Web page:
What Happens when You Lie to Your Insurance Company

Insurance can get expensive, and some people might find it tempting to lie in order to get reduced payments or even to get money for something that they weren’t actually insured for. You might conceal drink driving incidents or speeding tickets in order to get lower car insurance payments, for example. Or you might say that you were driving the car when you got into an accident, rather than your friend who happens not to be insured. Or you might even set your car on fire because you can’t afford the payments, and then claim it as an accident to get the insurance money. Lying to your insurance company is a bad, bad idea. Want to know why?

You Will Be Found Out

Basically insurance works on the principle of transferred risk. If your house burnt down tomorrow, you might not have the money to rebuild it. So, in exchange for a small monthly payment, your insurance company assumes responsibility for the risk of this happening, and promises to repay you the cost of your house should anything happen. Companies do not take this risk on lightly. Legally, companies have the right to investigate any claim they see as suspicious. And they will. And they are experts at it. There is no plan cunning enough that they haven’t seen it before. For something as simple as lying about speeding tickets, your company will find out as soon as they pull your driving record (which they’re allowed to do). Insurance investigators are very good at their jobs, don’t think that you won’t be caught.

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You Won’t Get Your Money

The risk of lying on your application is that once you’re found out, your insurance company is no longer required to pay your claim. The same goes for lying about how something happens. If the company finds out that it wasn’t really you driving the crashed car they no longer have to pay out. This is why insurance investigators are so good at their jobs: insurance companies don’t want to pay out money, and will go to great lengths in order not to do so.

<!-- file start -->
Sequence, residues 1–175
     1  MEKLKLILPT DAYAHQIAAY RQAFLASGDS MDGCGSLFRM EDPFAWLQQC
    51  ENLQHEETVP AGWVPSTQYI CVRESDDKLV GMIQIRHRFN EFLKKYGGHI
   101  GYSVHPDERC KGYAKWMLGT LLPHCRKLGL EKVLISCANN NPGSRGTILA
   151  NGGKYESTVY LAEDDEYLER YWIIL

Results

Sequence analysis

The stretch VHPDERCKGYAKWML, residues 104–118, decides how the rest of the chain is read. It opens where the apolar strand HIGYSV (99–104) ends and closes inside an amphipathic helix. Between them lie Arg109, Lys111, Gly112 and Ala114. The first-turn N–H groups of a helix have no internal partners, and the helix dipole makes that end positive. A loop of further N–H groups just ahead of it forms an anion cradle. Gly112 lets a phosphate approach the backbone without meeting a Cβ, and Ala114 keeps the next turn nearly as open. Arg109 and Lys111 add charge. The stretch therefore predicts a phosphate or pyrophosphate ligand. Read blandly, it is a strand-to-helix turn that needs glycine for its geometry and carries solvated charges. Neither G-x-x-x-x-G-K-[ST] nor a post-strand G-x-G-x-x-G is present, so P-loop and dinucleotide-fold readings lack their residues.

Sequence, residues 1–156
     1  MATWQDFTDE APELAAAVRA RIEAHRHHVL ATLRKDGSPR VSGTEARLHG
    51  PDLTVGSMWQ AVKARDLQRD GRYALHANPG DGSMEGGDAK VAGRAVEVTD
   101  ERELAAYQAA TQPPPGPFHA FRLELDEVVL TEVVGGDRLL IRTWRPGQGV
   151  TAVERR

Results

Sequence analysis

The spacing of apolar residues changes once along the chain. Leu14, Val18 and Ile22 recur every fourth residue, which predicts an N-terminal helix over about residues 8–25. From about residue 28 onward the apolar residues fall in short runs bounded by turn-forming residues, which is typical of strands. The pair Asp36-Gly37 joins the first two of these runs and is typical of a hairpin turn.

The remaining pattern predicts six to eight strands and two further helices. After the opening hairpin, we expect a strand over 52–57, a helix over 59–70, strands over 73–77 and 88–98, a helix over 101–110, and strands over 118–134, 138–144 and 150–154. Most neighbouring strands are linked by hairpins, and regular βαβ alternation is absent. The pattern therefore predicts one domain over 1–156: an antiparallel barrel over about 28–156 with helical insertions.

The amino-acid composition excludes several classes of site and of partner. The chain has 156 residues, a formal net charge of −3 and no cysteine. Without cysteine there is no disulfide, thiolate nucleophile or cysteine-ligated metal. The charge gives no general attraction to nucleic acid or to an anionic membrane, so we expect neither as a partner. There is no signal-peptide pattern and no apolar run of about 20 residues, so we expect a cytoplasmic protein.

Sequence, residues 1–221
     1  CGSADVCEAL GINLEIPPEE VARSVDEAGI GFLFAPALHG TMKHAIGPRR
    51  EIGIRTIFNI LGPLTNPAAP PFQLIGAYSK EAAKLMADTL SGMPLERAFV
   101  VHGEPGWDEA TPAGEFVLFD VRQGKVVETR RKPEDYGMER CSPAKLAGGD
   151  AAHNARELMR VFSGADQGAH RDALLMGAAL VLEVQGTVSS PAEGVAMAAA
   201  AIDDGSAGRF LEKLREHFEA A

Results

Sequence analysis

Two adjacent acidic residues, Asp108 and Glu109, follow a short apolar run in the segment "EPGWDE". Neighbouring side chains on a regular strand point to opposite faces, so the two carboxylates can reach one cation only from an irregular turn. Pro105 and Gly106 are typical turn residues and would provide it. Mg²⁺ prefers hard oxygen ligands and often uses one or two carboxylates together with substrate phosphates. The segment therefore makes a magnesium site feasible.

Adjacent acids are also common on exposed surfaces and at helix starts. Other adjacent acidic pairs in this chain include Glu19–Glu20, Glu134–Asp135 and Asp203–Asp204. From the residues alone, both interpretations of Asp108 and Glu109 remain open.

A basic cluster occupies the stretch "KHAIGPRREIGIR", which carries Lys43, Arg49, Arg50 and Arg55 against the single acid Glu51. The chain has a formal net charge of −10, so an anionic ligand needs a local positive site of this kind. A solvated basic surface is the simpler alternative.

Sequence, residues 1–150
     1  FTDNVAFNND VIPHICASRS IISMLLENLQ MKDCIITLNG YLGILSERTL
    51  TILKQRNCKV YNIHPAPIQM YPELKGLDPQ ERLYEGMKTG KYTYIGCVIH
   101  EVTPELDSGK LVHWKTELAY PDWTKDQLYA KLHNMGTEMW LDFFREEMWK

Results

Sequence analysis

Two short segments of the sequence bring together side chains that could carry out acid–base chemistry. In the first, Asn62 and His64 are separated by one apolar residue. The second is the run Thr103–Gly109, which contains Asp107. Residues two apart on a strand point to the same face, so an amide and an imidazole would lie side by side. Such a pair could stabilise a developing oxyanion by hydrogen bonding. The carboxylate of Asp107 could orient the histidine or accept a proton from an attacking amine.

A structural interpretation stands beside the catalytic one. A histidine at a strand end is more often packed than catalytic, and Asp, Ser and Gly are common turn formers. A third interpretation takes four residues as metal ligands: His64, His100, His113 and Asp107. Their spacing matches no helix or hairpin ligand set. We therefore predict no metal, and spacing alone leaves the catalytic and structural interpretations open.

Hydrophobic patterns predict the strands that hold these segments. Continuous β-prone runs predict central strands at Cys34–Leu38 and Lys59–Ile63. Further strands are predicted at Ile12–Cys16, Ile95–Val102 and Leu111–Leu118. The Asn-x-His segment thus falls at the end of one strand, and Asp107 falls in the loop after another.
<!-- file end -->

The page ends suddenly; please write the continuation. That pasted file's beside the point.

You’ll Be Blacklisted

When your insurance company discovers fraud of any kind they are allowed to decide whether or not they will keep you as a customer. Unsuprisingly, they generally choose not to keep clients who have defrauded them. This might not seem like a big deal until you realise that your name will then be blacklisted, for anything up to three years, depending on where you live. This means that you will be unable to get any insurance at all from any major insurance company.

You Can Be Punished

Insurance fraud is a crime. Depending on how big your claim was, and whether or not you have received any money from your claim, your insurance company can decide whether or not to prosecute you for defrauding them. Yes, you can go to court. Yes, you can pay huge fines. And yes, you can go to prison. Insurance fraud is not a joke, and is taken very seriously by the courts.

It can be tempting to fudge the truth a little in order to save a bit of money. And, after all, it seems like a victimless crime, no one gets hurt other than a big insurance company, and they can handle losing a little cash, right? But when it comes down to it, the risk just simply isn’t worth it. Tell the truth. If you lie to your insurance company, the probability is that you’ll come to regret it.

Phil Turner has been driving for 30 years and has had a few accidents in that time. All walk aways, but still expensive and he was very glad that he had car insurance every time.

Photo source: http://www.flickr.com/photos/thetruthabout/4756118172/

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